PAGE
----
Why leave money on the table?

Two of the implicit findings of the NYT investigation of Iraq reconstruction bear highlighting. First, while admirable amounts have been repatriated to the US and important political contributors, fully half of the funds have been wasted building things that will remain in Iraq to benefit no-one of importance, or just paid to Iraqis who will only spend it on food and rent in their own country. In a word, the success of the program has been limited.

Second, on the other hand, there remains a great deal yet to steal, and the increasing talk of withdrawal is putting US policy at risk of being profoundly careless. There should be no talk of cutting and running until the vein has been properly mined out. Ambrose Bierce understood this principle in another context:

A Hasty Settlement

“Your Honour,” said an Attorney, rising, “what is the present status of this case – as far as it has gone?”

“I have given a judgement for the residuary legatee under the will,” said the Court, “put the costs upon the contestants, decided all questions relating to fees and other charges; and, in short, the estate in litigation has been settled, with all controversies, disputes, misunderstandings, and differences of opinion thereunto appertaining.”

“Ah, yes, I see,” said the Attorney, thoughtfully, “we are making progress – we are getting on famously.”

“Progress?” echoed the Judge – “progress? Why, sir, the matter is concluded!”

“Exactly, exactly; it had to be concluded in order to give relevancy to the motion that I am about to make. Your Honour, I move that the judgement of the Court be set aside and the case reopened.”

“Upon what ground, sir?” the Judge asked in surprise.

“Upon the ground,” said the Attorney, “that after paying all fees and expenses of litigation and all charges against the estate there will still be something left.”

“There may have been an error,” said His Honour, thoughtfully – “the Court may have underestimated the value of the estate. The motion is taken under advisement.”

Author: Michael O'Hare

Professor of Public Policy at the Goldman School of Public Policy, University of California, Berkeley, Michael O'Hare was raised in New York City and trained at Harvard as an architect and structural engineer. Diverted from an honest career designing buildings by the offer of a job in which he could think about anything he wanted to and spend his time with very smart and curious young people, he fell among economists and such like, and continues to benefit from their generosity with on-the-job social science training. He has followed the process and principles of design into "nonphysical environments" such as production processes in organizations, regulation, and information management and published a variety of research in environmental policy, government policy towards the arts, and management, with special interests in energy, facility siting, information and perceptions in public choice and work environments, and policy design. His current research is focused on transportation biofuels and their effects on global land use, food security, and international trade; regulatory policy in the face of scientific uncertainty; and, after a three-decade hiatus, on NIMBY conflicts afflicting high speed rail right-of-way and nuclear waste disposal sites. He is also a regular writer on pedagogy, especially teaching in professional education, and co-edited the "Curriculum and Case Notes" section of the Journal of Policy Analysis and Management. Between faculty appointments at the MIT Department of Urban Studies and Planning and the John F. Kennedy School of Government at Harvard, he was director of policy analysis at the Massachusetts Executive Office of Environmental Affairs. He has had visiting appointments at Università Bocconi in Milan and the National University of Singapore and teaches regularly in the Goldman School's executive (mid-career) programs. At GSPP, O'Hare has taught a studio course in Program and Policy Design, Arts and Cultural Policy, Public Management, the pedagogy course for graduate student instructors, Quantitative Methods, Environmental Policy, and the introduction to public policy for its undergraduate minor, which he supervises. Generally, he considers himself the school's resident expert in any subject in which there is no such thing as real expertise (a recent project concerned the governance and design of California county fairs), but is secure in the distinction of being the only faculty member with a metal lathe in his basement and a 4×5 Ebony view camera. At the moment, he would rather be making something with his hands than writing this blurb.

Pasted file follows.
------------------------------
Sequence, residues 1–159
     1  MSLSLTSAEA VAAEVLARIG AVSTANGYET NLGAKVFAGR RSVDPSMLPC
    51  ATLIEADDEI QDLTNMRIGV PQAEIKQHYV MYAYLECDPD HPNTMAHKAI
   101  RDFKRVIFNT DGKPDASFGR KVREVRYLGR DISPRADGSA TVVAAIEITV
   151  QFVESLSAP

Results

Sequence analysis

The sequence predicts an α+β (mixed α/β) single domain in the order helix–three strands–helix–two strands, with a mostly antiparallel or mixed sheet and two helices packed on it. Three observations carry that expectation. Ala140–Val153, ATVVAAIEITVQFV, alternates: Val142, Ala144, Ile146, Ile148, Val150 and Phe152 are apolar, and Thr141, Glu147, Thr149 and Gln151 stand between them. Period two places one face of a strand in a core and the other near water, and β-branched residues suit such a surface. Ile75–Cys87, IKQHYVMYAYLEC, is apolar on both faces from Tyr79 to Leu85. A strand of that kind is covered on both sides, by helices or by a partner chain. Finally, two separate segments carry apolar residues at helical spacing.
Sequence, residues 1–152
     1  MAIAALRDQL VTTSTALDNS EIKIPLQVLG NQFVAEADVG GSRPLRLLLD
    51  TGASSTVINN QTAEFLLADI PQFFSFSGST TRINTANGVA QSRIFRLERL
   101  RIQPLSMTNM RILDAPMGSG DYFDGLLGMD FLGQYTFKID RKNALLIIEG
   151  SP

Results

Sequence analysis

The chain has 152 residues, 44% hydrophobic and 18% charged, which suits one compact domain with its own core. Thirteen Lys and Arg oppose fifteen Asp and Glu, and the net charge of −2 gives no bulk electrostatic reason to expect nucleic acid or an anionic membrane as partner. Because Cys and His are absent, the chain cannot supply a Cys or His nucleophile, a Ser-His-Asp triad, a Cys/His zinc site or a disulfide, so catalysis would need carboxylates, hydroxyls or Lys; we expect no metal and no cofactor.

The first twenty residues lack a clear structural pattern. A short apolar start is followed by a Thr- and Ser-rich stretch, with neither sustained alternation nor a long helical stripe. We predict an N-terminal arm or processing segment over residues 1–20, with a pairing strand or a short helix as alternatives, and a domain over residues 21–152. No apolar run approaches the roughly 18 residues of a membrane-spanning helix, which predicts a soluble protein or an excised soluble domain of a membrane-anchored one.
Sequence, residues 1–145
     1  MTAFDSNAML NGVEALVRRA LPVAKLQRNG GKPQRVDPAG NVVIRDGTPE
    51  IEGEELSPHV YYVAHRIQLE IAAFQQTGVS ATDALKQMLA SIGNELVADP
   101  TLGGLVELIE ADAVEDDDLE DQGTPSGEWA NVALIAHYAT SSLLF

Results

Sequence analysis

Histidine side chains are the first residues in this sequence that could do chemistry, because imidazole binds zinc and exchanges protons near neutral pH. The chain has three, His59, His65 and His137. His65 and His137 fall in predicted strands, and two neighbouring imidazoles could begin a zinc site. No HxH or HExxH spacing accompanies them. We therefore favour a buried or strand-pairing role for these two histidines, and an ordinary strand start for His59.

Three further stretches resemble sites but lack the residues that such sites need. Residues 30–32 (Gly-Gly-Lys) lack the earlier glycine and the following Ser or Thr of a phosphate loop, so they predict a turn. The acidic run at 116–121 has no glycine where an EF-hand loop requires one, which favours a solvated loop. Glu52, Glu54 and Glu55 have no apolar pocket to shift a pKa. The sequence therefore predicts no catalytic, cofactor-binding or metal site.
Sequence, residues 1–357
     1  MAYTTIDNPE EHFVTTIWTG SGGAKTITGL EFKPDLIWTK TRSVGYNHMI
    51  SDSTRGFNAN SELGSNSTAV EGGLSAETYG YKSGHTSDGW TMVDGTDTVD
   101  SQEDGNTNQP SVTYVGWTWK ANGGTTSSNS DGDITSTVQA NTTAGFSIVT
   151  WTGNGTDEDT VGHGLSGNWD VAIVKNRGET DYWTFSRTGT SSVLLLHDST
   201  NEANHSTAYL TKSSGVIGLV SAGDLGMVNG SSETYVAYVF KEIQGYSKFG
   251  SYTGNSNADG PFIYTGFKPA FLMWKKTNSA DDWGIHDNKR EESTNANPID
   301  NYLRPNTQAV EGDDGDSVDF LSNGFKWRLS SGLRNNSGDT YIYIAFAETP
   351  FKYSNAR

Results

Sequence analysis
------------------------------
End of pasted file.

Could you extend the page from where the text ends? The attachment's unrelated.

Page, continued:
3 thoughts on “Why leave money on the table?”

  1. Ah, yes, but realize that so many of the jobs were left properly unfinished, so the Iraq government will have to return the money we left by paying American contractors to finish the job. So the total amount will wind up properly divided, that is, 95% to US.

  2. The Deceased and his Heirs
    A Man died leaving a large estate and many sorrowful relations who claimed it. After some years, when all but one had had judgement given against them, that one was awarded the estate, which he asked his Attorney to have appraised.
    "There is nothing to appraise," said the Attorney, pocketing his last fee.
    "Then," said the Successful Claimant, "what good has all this litigation done me?"
    "You have been a good client to me," the Attorney replied, gathering up his books and papers, "but I must say you betray a surprising ignorance of the purpose of litigation."

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